In this episode, I’m going to talk about something that we don’t often discuss too much when we think about writing a cookbook. We have recipes and stories to share in a way that others will love and benefit from. We decide to package the recipes and stories together and sell them. We have choices to make – we can start a food blog, create a membership, write a monthly print food magazine, write a monthly email newsletter, but as you know from the podcast title we are here because of cookbooks – a curated set of recipes and stories written from a person’s point of view.
But when we think about the book – a writer’s mind often turns to the tangibles of the cookbook such as the photos, the design, the paper, glue, binding, book casing, book dust jacket in essence – what the book will look like.
The reality is, that as the book writer, we need to focus more on what the buyers can’t see first before we can focus on what they can see. So that’s what we’re going to talk about today, the invisible pillars of traditional cookbook publishing:
- Commitment to the book publishing process
- Being sold on as the writer of the book. We have to be the biggest believer in ourselves! How can we expect to get a publisher excited about ourselves and our book idea if we’re feeling like Charlie Brown’s teacher about it? We have to believe we have the capacity to do this. We have time to do this. We have to know that a publisher is out there who will pay for this work. We have to love our lives as cooks and bakers and writers. I mean have we won the lottery or what?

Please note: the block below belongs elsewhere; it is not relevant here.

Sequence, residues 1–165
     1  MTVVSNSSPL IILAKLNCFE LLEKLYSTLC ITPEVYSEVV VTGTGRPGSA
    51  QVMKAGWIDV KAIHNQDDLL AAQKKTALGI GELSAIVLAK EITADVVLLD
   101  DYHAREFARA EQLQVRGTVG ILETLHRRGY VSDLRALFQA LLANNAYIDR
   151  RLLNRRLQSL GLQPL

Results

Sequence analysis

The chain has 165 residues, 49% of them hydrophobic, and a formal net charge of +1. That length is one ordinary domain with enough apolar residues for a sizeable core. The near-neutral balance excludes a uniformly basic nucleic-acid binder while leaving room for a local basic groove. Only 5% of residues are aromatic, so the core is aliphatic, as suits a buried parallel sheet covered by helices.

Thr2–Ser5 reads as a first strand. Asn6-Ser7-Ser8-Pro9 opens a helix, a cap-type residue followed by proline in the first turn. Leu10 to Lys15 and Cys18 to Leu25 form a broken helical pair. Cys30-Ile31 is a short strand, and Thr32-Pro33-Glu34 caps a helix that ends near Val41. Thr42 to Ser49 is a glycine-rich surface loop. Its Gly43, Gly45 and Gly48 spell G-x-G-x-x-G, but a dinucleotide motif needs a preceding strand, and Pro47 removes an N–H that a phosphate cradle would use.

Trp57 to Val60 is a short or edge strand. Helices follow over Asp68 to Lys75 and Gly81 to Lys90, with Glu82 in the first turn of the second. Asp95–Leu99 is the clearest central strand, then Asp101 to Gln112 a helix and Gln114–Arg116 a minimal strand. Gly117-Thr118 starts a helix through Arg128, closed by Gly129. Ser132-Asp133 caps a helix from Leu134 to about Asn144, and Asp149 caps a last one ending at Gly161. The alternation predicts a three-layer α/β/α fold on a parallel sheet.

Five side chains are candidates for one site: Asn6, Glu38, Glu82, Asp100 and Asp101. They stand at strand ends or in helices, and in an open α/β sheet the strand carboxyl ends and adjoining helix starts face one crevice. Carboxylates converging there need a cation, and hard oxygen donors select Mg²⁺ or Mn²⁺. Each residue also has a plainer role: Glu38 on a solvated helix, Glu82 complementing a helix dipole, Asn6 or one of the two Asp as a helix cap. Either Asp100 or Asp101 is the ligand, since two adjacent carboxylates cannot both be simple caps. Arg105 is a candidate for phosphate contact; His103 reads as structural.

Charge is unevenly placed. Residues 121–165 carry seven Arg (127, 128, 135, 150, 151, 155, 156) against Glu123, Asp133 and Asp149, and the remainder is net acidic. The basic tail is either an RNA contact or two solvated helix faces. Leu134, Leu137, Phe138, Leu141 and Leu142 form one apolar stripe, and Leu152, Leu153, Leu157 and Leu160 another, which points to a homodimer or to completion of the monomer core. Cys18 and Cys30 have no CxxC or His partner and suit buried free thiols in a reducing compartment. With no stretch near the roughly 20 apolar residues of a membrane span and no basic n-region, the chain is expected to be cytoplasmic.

- Being sold on traditional publishers who create books (and if we decide to self-publish we have to be sold on ourselves as the publisher). For my cookbook writing, I’m sold on working with a traditional publisher to create the book. This is a big leap for a lot of people for a few reasons. They see themselves as the creator of the book tangibles – photos, design, fonts, etc., and not just the creator of the words. But that’s the work publishers do. They not only create the book, but they pay me an advance of royalties and they pay me royalties for sales of the book. This is where people ask if it’s worth it? My answer is the “pay” I’ve received as a result of my work as a cookbook writer. Tangible benefits and intangible benefits, including word of mouth, let’s call Maggie and see if she wants to write another book.
- Being sold on our readers and cookbook buyers who come out of the woodwork to support our books. They are the real reason that cookbooks exist. They value cookbooks enough to buy them, read them, share them, check them out from the library, and create cookbook clubs around them.
Listen to Episode 181 below:
Things We Mention In This Episode:
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